Image: Harry Briggs/Photodisc/Getty Images
About This QuizCoupons are one of the great joys of modern retail. Saving money can be such a rush! (Oh, and it can help your budget, too.) But it's not all fun and games. Test your knowledge of the highs, lows and fine print of the coupon world.
You come across a coupon for $200 off a pair of $700 Prada boots, and you figure, why not? You love boots! How much money are you saving?
Unless you were already planning to buy these boots, you're not saving $200; you're just spending $500.
Which of the following types of retail Web sites offer promotional codes for a discount on your purchase?
Fashion, cosmetics and drug stores
Art supply, furniture and electronics stores
All of the above
You'll find that most Web sites offer promotional codes, often for free shipping, and sometimes for a percentage or a dollar amount off your order.
To have access to the latest coupons from your favorite online stores, you typically need to:
Pay a small fee.
Register for e-mail delivery at the store's Web site.
Most retail Web sites have a "sign up for e-mails" call (or something along those lines) right on their homepages. Registration is free, and you can opt out later on if you change your mind.
Provide your credit card number at the store's Web site.
Coupons delivered to your inbox can be used:
In different ways; it varies by coupon.
Any coupon for a store with both brick-and-mortar and Web presences will note in the e-mail whether the promotion can be used only online, only in stores, or both online and in stores.
In stores and online
One great way to get a discounted meal at a restaurant you normally can't afford would be:
Dine and dash.
Show the maître d' your student ID.
Go during "restaurant week."
Lots of major cities, including Denver, Boston, Washington D.C., New York, San Diego, and many others, have an annual "restaurant week" during which restaurants offer dinners for a deal (usually a pretty great one, too).
Expiration dates on coupons:
Are usually negotiable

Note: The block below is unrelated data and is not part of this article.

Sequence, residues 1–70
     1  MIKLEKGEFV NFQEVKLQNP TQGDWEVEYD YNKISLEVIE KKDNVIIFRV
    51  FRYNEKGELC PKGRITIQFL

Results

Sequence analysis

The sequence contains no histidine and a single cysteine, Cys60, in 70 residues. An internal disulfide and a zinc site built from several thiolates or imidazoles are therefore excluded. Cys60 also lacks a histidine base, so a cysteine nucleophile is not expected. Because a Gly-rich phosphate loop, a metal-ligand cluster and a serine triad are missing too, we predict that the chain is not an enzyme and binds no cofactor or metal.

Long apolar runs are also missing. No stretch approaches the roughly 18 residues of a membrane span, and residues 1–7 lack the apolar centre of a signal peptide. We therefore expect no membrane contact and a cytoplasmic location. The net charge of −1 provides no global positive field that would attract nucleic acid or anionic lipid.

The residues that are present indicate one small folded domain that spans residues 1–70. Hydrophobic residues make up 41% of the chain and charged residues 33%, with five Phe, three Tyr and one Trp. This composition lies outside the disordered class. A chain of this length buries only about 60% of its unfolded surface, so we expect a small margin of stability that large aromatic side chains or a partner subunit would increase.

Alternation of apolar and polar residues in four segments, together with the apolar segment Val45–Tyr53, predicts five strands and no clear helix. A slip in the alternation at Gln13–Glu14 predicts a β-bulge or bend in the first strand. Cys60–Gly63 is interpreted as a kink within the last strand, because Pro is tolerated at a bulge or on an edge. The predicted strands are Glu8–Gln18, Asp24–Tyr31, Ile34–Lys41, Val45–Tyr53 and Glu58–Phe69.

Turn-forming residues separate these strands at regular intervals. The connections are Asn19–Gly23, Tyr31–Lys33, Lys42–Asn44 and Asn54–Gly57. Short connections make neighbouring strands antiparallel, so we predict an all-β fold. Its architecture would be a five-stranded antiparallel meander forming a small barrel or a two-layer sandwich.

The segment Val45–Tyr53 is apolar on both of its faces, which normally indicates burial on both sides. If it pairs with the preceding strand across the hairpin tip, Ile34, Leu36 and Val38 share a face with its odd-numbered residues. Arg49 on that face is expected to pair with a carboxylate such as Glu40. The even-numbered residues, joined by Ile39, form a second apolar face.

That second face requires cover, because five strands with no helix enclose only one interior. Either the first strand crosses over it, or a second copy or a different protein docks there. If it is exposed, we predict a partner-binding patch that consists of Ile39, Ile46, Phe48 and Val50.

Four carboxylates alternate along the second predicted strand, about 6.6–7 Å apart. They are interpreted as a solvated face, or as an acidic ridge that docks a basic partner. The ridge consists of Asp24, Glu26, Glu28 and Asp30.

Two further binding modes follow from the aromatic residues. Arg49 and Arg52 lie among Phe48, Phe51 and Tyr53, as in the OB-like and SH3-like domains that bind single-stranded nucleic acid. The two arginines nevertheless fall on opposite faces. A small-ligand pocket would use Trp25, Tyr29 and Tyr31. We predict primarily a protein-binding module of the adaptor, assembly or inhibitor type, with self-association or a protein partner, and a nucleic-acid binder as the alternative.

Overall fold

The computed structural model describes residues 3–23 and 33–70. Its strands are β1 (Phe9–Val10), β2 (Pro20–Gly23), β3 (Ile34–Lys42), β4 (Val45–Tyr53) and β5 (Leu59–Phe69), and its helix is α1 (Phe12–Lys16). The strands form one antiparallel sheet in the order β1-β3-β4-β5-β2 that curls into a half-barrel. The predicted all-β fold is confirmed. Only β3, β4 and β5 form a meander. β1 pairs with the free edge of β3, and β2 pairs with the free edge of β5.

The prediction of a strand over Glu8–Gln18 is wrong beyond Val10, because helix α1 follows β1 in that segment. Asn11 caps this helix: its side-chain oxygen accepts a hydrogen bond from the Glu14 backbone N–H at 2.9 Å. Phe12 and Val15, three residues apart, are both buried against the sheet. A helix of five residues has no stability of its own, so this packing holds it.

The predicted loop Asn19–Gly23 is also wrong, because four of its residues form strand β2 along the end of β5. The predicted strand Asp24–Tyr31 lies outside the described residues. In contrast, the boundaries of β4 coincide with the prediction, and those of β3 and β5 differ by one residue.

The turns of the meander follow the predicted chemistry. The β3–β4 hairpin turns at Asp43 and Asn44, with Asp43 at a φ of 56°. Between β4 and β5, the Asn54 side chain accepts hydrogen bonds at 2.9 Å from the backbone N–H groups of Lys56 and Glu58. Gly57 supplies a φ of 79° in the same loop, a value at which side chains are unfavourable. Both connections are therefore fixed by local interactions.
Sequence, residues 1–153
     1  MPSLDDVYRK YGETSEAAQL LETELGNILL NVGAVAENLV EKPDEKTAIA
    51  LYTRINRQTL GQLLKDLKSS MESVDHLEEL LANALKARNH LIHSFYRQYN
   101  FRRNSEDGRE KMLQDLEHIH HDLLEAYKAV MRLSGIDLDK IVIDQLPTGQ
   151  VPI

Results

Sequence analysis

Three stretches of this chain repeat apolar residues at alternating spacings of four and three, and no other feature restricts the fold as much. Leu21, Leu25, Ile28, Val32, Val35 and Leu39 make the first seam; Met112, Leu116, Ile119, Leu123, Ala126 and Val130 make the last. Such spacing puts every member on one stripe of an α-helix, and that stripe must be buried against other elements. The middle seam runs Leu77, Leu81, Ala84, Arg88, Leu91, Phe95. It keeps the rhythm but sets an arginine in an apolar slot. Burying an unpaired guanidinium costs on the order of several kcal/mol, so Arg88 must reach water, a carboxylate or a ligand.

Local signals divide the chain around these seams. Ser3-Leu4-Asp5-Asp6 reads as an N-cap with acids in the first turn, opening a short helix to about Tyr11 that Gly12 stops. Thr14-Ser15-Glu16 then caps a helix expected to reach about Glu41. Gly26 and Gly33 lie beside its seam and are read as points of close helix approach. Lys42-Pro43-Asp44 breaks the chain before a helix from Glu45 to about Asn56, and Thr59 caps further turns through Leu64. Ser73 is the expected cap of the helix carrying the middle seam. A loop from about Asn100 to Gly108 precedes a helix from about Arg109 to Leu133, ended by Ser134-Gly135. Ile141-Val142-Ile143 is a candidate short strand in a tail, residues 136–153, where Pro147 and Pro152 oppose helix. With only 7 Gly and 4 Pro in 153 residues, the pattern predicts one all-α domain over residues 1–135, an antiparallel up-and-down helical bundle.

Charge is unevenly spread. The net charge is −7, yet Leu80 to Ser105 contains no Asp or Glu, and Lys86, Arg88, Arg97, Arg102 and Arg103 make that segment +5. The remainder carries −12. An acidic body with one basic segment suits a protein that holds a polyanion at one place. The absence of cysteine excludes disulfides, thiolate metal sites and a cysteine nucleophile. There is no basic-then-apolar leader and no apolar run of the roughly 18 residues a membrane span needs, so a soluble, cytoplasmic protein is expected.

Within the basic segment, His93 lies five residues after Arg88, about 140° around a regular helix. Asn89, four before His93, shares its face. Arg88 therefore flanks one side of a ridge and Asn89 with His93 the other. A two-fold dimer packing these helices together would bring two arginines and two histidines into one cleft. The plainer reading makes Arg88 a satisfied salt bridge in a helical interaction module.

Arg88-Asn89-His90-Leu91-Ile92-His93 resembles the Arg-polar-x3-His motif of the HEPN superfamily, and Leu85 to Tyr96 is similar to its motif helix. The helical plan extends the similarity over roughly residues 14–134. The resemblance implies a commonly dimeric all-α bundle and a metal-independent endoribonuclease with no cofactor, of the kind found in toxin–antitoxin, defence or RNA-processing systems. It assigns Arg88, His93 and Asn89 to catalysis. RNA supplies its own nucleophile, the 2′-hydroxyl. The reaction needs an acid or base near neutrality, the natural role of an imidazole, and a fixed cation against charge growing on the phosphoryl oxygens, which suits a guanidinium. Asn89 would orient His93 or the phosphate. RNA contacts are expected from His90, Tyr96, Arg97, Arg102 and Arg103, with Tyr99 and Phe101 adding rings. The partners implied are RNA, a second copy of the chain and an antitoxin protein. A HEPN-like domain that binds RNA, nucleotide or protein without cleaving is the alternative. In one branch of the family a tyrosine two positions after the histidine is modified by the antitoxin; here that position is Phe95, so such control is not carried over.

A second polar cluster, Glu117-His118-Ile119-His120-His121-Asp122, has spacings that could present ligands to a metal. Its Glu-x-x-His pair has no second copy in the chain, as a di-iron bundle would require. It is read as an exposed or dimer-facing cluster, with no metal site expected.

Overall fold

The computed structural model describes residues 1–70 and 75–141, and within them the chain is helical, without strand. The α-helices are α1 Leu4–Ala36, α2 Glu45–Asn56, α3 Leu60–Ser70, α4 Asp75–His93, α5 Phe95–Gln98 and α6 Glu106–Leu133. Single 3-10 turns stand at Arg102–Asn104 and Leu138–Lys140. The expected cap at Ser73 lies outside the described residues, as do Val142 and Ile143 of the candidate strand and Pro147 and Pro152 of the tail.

Are usually strictly enforced
If you find a great coupon that has an expiration date on it -- and most of them do -- be sure to cash in before that date. In almost all cases, once a coupon expires, it expires.
Coupons never have expiration dates.
If you find a discount coupon included in the envelope with one of your bills, you should:
Use it, but only if it's for something you need.
Sometimes, bills that arrive by mail have some coupons included with your statement. Always check them out to see if one of them is for something you were planning to buy anyway (or could otherwise save you money in the long run).
Never use it; it's an identity-theft trick.
Subtract the coupon's discount amount for your credit card payment.
When the economy is struggling, retail stores often:
Offer fewer coupons
Offer more coupons
Offering a coupon is one of the best ways to get people to visit your store. Even if stores get less money for their goods or service, they win in the long run.
Stop honoring coupons
If you purchase a coupon online:
It's probably a scam.
You get a refund if you don't use it.
You lose money if you don't use it.
There are lots of legitimate sites selling coupons, and these can be a really good deal. It's very important, though, to consider the likelihood that you'll cash it in -- and to remember you have it! You don't get your money back if the coupon goes unused.
A possible pitfall of couponing is:
You might end up spending more.
For many people, gathering lots of coupons actually leads them to spend more, because it encourages them to buy things they otherwise wouldn't. Avoid buying goods just because you have a coupon for them.
You might see a decrease in your credit score.
You can only use a certain number of coupons per week.
Harry Briggs/Photodisc/Getty Images